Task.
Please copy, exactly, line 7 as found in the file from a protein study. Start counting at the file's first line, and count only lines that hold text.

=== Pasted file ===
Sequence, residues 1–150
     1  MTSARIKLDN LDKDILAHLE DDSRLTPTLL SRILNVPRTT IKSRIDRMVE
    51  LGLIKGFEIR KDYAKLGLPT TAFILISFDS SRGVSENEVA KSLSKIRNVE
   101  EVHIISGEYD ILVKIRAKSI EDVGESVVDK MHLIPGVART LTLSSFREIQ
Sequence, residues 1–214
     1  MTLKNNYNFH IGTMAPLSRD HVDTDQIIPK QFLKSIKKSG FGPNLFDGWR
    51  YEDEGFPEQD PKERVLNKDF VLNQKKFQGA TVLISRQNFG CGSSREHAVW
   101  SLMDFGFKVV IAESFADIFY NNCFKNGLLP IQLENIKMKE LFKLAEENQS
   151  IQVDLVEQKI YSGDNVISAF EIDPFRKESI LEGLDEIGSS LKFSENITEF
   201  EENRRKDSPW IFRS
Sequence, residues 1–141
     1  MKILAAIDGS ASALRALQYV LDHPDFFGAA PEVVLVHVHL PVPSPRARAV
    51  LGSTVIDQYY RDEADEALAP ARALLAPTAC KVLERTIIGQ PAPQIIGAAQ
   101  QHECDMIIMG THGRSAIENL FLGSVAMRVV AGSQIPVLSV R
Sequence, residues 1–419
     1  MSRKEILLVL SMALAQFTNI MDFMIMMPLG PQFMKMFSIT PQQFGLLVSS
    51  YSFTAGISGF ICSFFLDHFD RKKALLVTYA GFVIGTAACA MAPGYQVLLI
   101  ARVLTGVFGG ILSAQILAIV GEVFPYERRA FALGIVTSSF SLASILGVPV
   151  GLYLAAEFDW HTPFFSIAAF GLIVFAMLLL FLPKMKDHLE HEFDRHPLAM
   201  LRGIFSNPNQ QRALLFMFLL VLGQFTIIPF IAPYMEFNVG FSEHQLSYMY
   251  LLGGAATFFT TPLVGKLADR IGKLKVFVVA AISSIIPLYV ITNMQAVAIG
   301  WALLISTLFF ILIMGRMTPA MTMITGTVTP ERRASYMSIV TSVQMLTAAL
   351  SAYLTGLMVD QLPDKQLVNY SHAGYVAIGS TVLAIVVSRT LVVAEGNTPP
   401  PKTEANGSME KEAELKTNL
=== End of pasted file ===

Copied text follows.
    51  YEDEGFPEQD PKERVLNKDF VLNQKKFQGA TVLISRQNFG CGSSREHAVW